A group of transgender people and their families filed a federal lawsuit Tuesday over how North Carolina handles people receiving birth certificates that reflect their gender identity.
State law currently allows North Carolinians born in the state to legally change the gender designation on their birth certificate only if they undergo gender affirming surgery. But for a variety of reasons many transgender people elect not to have any surgical procedures related to their transition. The lawsuit, filed in the U.S. District Court for the Middle District of North Carolina, says the state’s requirement violates the equal protection clause of the U.S. Constitution’s Fourteenth Amendment.
Lillith Campos, a transgender woman from Jacksonville, is one of the suit’s plaintiffs along with two transgender minors represented by their parents.
“It is wrong for North Carolina to require that I obtain surgery in order for them to recognize me as the woman I am,” Campos said. “As a trans woman, having incorrect documentation makes me feel like a second-class citizen because I am denied the same rights as the rest of the population. It just makes me feel like I am ‘less than’ before the eyes of the state.”
North Carolina currently allows transgender people to change the gender designation on their driver’s license and state identification cards without surgery. But requiring it for a change on birth certificate puts that change out of reach for many transgender people, including Campos. The health insurance provided by her employer doesn’t cover it and she can’t afford it on her own.
“This discriminatory requirement presents a significant barrier, sometimes insurmountable, to many transgender people,” said Carl Charles, a staff attorney with Lambda Legal, in a virtual press conference Tuesday. “Particularly those who may not be able to afford such a gender-affirming surgery, who may not want or need such interventions or, like our minor plaintiffs, for whom it is simply not medically indicated.”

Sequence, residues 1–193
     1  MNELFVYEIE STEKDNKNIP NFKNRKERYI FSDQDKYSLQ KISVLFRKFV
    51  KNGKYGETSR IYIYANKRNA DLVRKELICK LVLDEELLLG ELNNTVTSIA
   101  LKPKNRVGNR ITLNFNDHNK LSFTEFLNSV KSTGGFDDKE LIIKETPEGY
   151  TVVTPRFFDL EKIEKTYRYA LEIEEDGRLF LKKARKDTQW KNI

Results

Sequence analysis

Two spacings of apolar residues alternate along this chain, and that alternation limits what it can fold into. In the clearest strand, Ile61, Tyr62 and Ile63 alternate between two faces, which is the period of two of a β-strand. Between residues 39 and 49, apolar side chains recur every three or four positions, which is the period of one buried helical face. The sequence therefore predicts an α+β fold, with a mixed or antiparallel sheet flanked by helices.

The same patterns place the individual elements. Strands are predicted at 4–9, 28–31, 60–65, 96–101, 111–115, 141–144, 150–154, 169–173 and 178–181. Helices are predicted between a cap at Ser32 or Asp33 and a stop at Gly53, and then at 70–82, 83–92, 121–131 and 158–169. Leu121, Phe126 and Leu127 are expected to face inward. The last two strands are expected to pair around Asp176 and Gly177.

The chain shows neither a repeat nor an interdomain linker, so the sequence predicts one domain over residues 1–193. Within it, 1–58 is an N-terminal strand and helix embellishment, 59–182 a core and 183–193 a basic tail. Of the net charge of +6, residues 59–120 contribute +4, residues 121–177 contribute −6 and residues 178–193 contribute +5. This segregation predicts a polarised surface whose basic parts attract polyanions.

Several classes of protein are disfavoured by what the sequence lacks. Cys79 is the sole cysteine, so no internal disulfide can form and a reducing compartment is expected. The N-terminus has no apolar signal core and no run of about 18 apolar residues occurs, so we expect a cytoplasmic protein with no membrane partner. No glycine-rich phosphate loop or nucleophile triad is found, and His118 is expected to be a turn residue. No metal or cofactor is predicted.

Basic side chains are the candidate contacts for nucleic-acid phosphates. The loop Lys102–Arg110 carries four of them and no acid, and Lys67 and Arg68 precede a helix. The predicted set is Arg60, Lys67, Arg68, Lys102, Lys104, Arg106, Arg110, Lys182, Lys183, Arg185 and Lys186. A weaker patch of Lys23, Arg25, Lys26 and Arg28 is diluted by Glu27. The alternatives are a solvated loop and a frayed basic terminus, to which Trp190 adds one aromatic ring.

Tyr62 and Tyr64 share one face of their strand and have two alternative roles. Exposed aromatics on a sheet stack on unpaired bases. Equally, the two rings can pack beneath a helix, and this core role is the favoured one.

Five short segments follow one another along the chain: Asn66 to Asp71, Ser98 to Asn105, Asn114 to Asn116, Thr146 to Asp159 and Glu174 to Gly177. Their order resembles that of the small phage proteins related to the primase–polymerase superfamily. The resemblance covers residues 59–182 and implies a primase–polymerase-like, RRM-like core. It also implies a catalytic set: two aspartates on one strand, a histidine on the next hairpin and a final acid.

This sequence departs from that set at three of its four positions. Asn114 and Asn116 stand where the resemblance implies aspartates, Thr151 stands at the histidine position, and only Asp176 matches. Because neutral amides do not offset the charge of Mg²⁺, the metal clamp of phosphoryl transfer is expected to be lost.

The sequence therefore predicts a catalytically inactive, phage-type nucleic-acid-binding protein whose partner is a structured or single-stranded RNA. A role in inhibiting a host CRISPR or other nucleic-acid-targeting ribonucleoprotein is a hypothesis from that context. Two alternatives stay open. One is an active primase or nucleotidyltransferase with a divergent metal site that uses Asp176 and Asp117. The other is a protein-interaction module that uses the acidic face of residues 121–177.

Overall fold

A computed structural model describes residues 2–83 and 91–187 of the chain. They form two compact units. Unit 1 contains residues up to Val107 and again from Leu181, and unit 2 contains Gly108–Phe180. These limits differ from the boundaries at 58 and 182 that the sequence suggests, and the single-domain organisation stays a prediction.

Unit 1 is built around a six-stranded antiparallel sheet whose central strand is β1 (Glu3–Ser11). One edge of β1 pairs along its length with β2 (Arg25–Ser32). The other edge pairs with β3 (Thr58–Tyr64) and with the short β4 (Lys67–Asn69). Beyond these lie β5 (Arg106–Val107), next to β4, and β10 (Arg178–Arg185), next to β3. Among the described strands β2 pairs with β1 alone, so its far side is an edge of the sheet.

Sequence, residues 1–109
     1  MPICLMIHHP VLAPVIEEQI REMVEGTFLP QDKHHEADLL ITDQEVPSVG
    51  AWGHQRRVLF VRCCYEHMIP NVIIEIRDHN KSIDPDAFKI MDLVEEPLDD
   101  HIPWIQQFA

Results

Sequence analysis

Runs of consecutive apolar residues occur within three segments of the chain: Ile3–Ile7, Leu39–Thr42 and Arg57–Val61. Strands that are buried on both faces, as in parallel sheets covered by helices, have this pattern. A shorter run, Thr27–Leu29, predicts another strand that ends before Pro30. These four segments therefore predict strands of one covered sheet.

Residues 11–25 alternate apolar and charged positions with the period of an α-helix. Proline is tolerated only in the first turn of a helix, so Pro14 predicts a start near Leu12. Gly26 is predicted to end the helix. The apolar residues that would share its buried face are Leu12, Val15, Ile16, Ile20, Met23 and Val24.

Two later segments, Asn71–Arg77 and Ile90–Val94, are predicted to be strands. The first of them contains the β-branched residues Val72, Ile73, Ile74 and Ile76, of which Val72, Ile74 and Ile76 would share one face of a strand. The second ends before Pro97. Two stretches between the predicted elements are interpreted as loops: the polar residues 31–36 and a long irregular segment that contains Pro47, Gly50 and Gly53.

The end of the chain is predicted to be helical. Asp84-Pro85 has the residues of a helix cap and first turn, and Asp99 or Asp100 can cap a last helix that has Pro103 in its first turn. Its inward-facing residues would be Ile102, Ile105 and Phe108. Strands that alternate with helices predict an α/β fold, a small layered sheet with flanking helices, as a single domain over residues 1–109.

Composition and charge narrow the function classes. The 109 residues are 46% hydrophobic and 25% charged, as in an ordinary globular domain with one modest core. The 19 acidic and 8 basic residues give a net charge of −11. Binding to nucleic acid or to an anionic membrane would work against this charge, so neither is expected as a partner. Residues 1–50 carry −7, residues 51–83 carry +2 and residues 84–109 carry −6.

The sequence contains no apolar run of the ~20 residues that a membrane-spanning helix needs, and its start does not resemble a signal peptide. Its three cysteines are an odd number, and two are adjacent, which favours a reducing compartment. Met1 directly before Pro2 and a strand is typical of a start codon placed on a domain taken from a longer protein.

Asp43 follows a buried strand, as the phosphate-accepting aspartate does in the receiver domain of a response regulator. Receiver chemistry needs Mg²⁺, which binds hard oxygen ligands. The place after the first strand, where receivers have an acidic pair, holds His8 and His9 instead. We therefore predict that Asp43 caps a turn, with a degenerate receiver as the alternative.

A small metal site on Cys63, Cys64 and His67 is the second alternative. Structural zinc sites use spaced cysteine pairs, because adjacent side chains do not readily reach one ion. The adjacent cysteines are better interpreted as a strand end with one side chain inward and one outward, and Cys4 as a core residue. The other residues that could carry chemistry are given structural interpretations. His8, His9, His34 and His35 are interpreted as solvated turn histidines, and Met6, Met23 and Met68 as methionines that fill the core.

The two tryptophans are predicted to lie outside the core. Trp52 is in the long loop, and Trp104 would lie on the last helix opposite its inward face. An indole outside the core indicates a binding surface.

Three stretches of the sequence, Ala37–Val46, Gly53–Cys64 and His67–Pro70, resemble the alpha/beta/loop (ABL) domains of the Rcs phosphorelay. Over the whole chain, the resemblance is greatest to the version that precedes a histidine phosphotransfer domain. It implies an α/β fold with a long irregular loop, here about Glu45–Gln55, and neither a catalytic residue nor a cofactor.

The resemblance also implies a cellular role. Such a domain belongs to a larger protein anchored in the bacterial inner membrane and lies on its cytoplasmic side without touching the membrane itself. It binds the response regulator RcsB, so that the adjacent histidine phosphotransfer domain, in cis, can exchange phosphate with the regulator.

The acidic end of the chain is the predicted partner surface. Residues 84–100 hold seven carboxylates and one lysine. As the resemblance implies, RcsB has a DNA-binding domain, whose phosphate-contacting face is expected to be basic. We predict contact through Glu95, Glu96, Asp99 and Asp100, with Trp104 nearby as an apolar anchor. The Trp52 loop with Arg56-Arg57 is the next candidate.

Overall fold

Gender affirmation surgeries are an increasingly common treatment for gender dysphoria. The American Medical Association and American Psychiatric Association recognize dysphoria not as a mental illness but “a conflict between a person’s physical or assigned gender and the gender with which he/she/they identify.”
More than 40 years of research into and treatment of transgender people experiencing dysphoria has led psychiatric and medical professionals to conclude the most effective course of treatment is gender transition — aligning one’s life socially and sometimes physically to better match their gender identity. Not all transgender people choose to medically transition, but for those for whom it is judged necessary, medical experts agree it can be life-saving. Because of cost, personal circumstances or for medical reasons, many transgender people never have any surgery as part of their transition. For minors, such surgeries are often not an option until later in life.
Katheryn Jenifer of Carrboro is another of the suit’s plaintiffs. At Tuesday’s press conference she said her daughter, a transgender minor, is already encountering problems because of the state’s policy on birth certificates.
“My daughter is a 14-year-old girl and the state’s requirement for surgery is unrealistic and creates a barrier for my child to have a normal childhood,” Jenifer said. “Not having an accurate birth certificate has exposed my daughter to discriminatory treatment and exclusion in school, sports, and other places. No child should go through knowing the state doesn’t recognize as who she is and that’s why I am supporting my daughter in this lawsuit.”
Omar Gonzalez-Pagan, senior attorney and health care strategist at Lambda Legal, said the state allowing the change on some identity documents and not others causes needless confusion and conflict, including transgender people having their identifying documents called into question.
“Birth certificates are essential and foundational identity documents critical for people navigating life,” Gonzalez-Pagan said. “North Carolina’s policy explicitly requiring transgender people have surgery to affirm their identity is not only discriminatory but arbitrary and inconsistent with standard medical practice.”
“North Carolina is out of step with the rest of America and trails behind the majority of states that permit transgender persons to correct the sex designation on their birth certificates without a surgical requirement,” Gonzalez-Pagan said.
Lambda Legal has successfully challenged similar state laws restricting gender changes to birth certificates in Idaho (FV v. Jeppesen), Kansas (Foster v. Andersen), New York (MHW v. Cuomo), Ohio and Puerto Rico (Arroyo v. Rossello). A challenge to Tennessee’s policy is currently pending in federal court (Gore v. Lee).
Joining Lambda Legal in the lawsuit are attorneys from Baker Botts LLP and Brooks Pierce McLendon Hmumphrey & Leonard LLP.